I'm on my second run through and it'd going quite well, if I say so myself. ;)
Neither child has intuitively picked it up without instruction. I am a firm believer in phonics, so that's how we are addressing it.
I like teaching reading. It's fun seeing it click and how much opens up to your children when they can read!
I take some of my cues from how I teach writing- divide the skills.
First, we work on letter recognition. Names of the letters, different ways they are written, the sounds they make. Both of my girls learned their ABCs far in advance of learning to read.
Next, we play blending games. There are a lot of suggestions online and it's good to find a lot since it can take a long time for kids to make the leap from knowing letters to blending sounds! I think that this is one of the most frustrating and confusing parts of the process. Kids know their letters, so they should be able to read, right?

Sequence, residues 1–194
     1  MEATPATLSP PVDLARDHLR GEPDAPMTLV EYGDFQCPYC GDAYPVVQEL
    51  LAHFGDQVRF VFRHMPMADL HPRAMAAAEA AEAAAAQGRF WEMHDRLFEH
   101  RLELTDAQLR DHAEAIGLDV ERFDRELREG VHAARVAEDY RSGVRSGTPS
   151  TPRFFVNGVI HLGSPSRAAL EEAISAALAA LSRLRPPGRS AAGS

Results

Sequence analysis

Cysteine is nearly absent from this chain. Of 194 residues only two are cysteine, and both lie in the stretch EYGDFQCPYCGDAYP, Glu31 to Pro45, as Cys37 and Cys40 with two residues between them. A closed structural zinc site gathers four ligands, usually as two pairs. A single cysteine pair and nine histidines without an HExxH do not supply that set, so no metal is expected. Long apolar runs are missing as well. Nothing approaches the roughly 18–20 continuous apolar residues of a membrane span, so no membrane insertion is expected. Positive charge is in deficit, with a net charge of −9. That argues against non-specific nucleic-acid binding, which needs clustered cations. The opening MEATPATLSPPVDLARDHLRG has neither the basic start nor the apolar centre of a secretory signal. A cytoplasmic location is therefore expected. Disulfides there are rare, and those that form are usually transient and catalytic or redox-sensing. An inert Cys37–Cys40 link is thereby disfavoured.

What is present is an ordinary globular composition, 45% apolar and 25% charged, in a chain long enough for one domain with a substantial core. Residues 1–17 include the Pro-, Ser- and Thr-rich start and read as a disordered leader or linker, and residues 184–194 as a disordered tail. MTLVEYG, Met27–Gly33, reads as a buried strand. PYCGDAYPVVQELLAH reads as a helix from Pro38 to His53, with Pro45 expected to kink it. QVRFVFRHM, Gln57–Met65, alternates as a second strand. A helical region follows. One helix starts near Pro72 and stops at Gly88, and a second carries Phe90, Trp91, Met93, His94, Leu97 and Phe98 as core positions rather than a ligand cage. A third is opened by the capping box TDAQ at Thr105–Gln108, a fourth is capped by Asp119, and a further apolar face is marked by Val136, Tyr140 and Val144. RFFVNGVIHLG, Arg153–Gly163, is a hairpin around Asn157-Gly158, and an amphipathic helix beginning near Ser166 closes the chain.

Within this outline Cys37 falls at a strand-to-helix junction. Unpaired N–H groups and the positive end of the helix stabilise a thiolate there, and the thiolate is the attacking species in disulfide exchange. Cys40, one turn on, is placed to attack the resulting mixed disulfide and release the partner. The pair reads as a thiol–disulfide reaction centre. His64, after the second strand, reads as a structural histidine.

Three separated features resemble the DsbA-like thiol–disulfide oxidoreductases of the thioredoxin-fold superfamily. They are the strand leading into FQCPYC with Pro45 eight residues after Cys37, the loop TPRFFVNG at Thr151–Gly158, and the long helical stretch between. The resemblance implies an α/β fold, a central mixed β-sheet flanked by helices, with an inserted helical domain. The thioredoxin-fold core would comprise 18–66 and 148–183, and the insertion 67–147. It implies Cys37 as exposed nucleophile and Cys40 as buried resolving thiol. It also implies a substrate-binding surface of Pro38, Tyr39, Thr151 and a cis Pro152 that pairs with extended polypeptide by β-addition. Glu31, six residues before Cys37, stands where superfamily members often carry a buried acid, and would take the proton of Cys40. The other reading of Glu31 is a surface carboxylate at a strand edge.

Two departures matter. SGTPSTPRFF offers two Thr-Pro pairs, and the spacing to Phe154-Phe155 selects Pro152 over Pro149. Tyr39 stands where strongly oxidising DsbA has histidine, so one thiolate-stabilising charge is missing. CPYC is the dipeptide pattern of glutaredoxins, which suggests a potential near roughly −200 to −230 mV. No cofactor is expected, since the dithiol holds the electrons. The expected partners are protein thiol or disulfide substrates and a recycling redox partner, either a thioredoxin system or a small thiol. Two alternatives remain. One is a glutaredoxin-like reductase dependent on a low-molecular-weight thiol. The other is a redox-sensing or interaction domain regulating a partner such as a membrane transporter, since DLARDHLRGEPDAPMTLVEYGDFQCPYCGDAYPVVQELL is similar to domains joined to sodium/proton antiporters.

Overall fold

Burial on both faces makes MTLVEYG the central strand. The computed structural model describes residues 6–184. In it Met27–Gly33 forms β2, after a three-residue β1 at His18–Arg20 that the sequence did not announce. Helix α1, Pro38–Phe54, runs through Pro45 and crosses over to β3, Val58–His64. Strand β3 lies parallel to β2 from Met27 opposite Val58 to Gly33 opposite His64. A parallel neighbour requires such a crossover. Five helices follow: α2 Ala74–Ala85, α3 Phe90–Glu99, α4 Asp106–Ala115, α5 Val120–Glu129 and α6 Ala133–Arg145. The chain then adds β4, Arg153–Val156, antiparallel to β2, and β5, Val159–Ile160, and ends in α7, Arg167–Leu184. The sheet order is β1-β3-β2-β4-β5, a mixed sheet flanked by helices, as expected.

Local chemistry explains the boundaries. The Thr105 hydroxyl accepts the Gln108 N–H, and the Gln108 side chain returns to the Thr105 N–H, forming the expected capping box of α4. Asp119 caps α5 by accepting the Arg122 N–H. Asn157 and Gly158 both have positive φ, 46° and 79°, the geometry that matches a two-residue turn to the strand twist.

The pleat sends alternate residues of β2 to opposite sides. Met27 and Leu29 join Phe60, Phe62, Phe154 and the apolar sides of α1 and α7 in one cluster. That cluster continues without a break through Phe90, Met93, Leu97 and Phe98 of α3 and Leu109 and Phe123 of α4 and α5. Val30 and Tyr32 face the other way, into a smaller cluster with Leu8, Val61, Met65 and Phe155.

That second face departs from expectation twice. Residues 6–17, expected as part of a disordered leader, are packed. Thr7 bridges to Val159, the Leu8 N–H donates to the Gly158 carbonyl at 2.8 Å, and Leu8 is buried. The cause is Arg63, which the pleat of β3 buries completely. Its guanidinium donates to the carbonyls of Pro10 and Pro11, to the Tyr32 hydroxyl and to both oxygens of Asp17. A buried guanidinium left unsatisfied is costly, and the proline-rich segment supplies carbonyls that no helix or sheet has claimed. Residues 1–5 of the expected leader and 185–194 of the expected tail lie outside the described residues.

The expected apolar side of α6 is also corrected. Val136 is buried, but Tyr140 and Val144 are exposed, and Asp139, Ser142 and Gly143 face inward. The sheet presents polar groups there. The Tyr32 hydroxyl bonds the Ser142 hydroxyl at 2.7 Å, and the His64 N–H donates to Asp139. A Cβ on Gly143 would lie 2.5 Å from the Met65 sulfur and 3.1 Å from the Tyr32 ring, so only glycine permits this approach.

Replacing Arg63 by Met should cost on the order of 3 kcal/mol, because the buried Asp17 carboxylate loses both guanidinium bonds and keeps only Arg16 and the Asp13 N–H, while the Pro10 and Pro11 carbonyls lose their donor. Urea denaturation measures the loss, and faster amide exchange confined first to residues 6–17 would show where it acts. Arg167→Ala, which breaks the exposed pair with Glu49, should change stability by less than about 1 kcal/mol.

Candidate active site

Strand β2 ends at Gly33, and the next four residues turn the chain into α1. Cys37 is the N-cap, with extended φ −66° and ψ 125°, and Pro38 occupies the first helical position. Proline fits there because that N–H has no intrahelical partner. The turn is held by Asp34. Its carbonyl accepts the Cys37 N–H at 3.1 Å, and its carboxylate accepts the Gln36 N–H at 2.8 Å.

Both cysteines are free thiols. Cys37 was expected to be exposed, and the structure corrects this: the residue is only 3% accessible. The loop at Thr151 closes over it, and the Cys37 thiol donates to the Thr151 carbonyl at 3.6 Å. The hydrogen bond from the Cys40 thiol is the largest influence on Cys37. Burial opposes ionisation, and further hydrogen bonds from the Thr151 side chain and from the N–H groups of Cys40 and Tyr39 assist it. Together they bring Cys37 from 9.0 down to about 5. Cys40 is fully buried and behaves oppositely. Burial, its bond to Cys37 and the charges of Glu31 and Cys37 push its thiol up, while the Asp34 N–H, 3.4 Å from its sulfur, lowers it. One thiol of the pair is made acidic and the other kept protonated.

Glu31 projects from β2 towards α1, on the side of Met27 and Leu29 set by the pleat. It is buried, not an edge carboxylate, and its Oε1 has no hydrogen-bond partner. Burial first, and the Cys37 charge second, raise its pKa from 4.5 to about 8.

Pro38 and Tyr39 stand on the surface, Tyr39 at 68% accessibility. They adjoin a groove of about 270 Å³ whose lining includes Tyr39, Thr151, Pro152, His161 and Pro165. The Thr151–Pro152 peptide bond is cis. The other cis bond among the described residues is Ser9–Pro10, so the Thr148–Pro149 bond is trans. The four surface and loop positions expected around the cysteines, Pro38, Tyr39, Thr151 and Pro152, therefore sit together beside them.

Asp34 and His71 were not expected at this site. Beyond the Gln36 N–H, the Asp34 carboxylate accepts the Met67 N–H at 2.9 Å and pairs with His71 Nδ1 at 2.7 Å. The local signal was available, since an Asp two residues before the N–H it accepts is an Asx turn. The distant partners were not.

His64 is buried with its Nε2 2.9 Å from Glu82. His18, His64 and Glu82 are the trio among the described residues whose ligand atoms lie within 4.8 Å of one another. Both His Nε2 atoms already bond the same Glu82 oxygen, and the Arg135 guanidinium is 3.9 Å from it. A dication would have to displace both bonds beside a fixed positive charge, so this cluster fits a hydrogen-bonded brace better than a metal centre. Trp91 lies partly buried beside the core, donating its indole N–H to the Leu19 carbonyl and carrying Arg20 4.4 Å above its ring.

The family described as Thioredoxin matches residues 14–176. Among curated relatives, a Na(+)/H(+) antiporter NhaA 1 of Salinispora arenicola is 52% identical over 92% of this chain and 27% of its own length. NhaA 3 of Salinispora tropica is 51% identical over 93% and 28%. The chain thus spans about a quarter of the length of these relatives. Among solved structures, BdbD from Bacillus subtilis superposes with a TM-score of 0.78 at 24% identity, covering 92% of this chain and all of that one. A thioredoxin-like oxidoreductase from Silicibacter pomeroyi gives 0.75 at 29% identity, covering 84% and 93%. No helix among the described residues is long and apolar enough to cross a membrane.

No. Not really.
I think that decoding and blending are developmental, and kids need time for it to all sink in. It's so hard sometimes when it seems like they have the skills and information but can't put it together. I think every mom or dad during reading lessons has listened to a tiny person say, "CCC AAA TTT" and been surprised or baffled that they couldn't put it together to make CAT.
It's easy for us, as readers.
Don't be frustrated, though. It'll happen!
My favorite way to practice blending is to NOT use written words for it. Looking at writing requires them to remember the letter, the sound, the order, AND to try to blend it. It's a LOT!
Instead, when we are in the car or playing in the yard, I ask Little Bird (my current phonics pupil), "What does CCC AAA TTT say? Can you guess? Listen to the sounds! Now, CCC AAA NNN. What's that one?"
At first, it's hard. But once my daughters could connect the sounds just hearing it, and do it well, then I brought it back to books.
It seems to be working well. Little Bird can read short words. Lessons are short and fun and once anyone is antsy or frustrated, we are done.
She gets the benefit of experience, there. I used to get upset with Sweet Pea and push on, even when she wasn't ready. I've learned my lesson, and it's made the process much lower key.